RANYA, Iraq (AP) — The specter of unemployment haunts both students and teachers at universities in northern Iraq. Many speak of growing numbers of empty seats in classrooms across the semi-autonomous Kurdish region — seats once occupied by students who have left for Europe.
Those who remain, like 21-year-old law student Zhewar Karzan, are making plans to leave.
He sees no future at home, in the town of Ranya, nestled among picturesque mountains, rivers and Lake Dukan, the Iraqi Kurdish region’s largest lake. A college degree provides no guarantee of a job, and his parents struggle to pay the bills, he said.
Come spring, Karzan plans to try his luck and leave with other hopeful migrants. His brother Jiyar, who in 2016 paid a smuggler to take him to Italy from Turkey, eventually reached Britain and now supports the entire family back home while working in a pizza restaurant.
“I will join him,” said Karzan.
Iraqi Kurdish youth face a tough choice: endure unemployment and corruption at home, or try to sneak into Europe at the risk of financial ruin, or even death during the perilous journey.
Though there are no firm statistics, a substantial number of young Iraqi Kurds are believed to have left, seeing no hope in their country. Meanwhile, students who stayed are struggling to get motivated because getting an education is no longer a sure path to a job.
Across the Middle East, struggling economies have failed to keep pace with growing populations. In the three Iraqi Kurdish provinces, between 43,000 to 54,000 jobs would need to be created every year to absorb new waves of young people joining the labor force, according to U.N. estimates.
The gap between tepid economic growth and a “youth bulge” has led to persistently high unemployment. Among Iraqi Kurds between the ages of 15 and 29, it’s 24% for men and 69% for women, according to a U.N. survey. The government says these numbers have improved in the last three years but official statistics have not been released.
Iraqi Kurdish university campuses have become a hotbed of discontent. Recent protests in the cities of Irbil and Sulaymaniyah over student stipends, frozen since 2014, underscore growing public disenchantment with the government.
The Kurdish regional government halted the stipends at the time because of the costly war against the extremist Islamic State group and icy relations with Baghdad-based federal government of Iraq that further stalled budget allocations needed to pay public workers. A drop in oil prices dealt a further blow to the oil-exporting Iraqi Kurdish region.
The stipends, between $40 and $70 a month, covered transport, books, clothes and other basic needs.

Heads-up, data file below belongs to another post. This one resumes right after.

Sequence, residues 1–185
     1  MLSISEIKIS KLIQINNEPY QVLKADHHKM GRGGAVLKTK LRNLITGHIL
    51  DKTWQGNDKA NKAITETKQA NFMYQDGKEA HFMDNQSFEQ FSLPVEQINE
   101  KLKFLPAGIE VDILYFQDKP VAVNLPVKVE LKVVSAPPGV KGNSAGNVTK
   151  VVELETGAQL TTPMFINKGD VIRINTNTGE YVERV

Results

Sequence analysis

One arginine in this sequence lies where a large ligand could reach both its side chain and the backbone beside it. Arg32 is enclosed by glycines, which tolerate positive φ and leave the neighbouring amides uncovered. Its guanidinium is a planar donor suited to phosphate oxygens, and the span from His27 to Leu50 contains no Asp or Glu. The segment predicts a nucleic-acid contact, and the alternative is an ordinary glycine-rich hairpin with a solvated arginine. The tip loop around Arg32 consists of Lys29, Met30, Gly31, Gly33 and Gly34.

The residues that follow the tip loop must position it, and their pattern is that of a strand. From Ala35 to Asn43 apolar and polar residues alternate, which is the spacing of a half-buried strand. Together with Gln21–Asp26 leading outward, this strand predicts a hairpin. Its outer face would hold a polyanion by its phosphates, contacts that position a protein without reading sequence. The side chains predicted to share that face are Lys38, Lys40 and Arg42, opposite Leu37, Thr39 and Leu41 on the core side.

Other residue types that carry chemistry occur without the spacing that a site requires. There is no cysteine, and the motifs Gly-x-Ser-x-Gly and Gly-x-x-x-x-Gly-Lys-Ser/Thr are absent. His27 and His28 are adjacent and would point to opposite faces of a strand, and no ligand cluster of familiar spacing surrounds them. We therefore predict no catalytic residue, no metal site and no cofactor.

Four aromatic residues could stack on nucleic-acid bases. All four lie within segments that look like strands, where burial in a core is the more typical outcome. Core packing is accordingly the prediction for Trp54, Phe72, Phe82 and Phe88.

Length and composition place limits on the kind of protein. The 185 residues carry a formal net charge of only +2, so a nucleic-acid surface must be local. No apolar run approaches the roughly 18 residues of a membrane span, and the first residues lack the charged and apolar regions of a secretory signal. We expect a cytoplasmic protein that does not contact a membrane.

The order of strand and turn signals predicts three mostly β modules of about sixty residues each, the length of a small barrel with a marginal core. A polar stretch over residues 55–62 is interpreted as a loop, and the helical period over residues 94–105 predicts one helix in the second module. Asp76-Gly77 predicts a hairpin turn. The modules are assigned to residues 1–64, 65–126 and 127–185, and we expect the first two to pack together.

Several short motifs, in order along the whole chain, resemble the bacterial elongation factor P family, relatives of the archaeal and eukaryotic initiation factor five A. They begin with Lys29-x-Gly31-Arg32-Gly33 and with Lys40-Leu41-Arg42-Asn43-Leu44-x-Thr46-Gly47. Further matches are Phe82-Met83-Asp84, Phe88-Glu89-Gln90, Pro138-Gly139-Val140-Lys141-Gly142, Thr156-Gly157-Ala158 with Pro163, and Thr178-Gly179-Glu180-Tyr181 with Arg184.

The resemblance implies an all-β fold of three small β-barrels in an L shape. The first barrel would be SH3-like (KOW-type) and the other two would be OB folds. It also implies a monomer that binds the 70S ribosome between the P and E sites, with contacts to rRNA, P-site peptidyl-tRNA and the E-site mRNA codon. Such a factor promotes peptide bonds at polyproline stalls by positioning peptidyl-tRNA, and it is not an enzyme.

With a recent rise in oil prices to above $70 a barrel and the lifting of some austerity measures, students demanded a resumption of government aid. They recently staged protests at Raparin University in Sulaymaniyah and elsewhere to press for the stipends to resume.
The students were met with tear gas and batons. Classes at the main university in Ranya were canceled for a week. Karzan, the prospective migrant, said the protests were co-opted by political groups and turned violent.
Students also argued that the universities are incapable of producing graduates qualified for the job market. They alleged that the institutions are tainted by nepotism and directly or indirectly controlled by the political leadership through appointments and funding.
Inside university halls, framed posters of Kurdish leaders hang on the walls — a constant reminder of the reach of the political parties dominating the region.
Even the teachers are unable to escape the pull. One university professor in Sulaymaniyah said he often received calls from superiors, urging him to give passing grades to the offspring of powerful officials. Another said he was pointedly discouraged from being too critical of the ruling elite in his graduate level courses. Both teachers spoke on condition of anonymity, fearing they could lose their jobs.
Aram Hamza said he was sick of the prevailing political nepotism and just wants to leave.
“You need connections to survive here,” said the 20-year-old student. “If I was the son of a powerful person, I would get a job, no problem.”
The Iraqi Kurdish region is more prosperous and stable than the rest of Iraq, largely thanks to power-sharing between the two dominant Kurdish parties that have carved the region into zones of control. Each party controls institutions within its turf and secures loyalties through appointments. The government remains the region’s largest employer.
Iraqi Kurds who fall outside of these networks of patronage are unable to find jobs or, if they are employed, struggle for years with salary delays and cuts.
Serena Wso said she worries about the cost of her education burdening her parents. Her father, a government worker, gets $412 a month.
“My father’s salary is so little,” she said. “And the government does nothing to help.”
Math major Salah Sabir said he is is thinking of dropping out, disappointed after his two older sisters who earned degrees in dentistry could not find work.
Ali Barez, a 20-year-old history student in Irbil, said he spends every day worrying about whether he will find work as a teacher after graduating. He said there have been no openings for years. Six friends recently left for Europe and he may follow them, if he can borrow enough money to pay smugglers.
Jiyar Othman, an English teacher, said students often ask him what’s the point of studying if there are no jobs after graduation. Many college graduates have ended up working as manual laborers or in restaurants, making less than $137 a month.
“It’s hard to motivate them,” he said. “They don’t see the end of the tunnel.”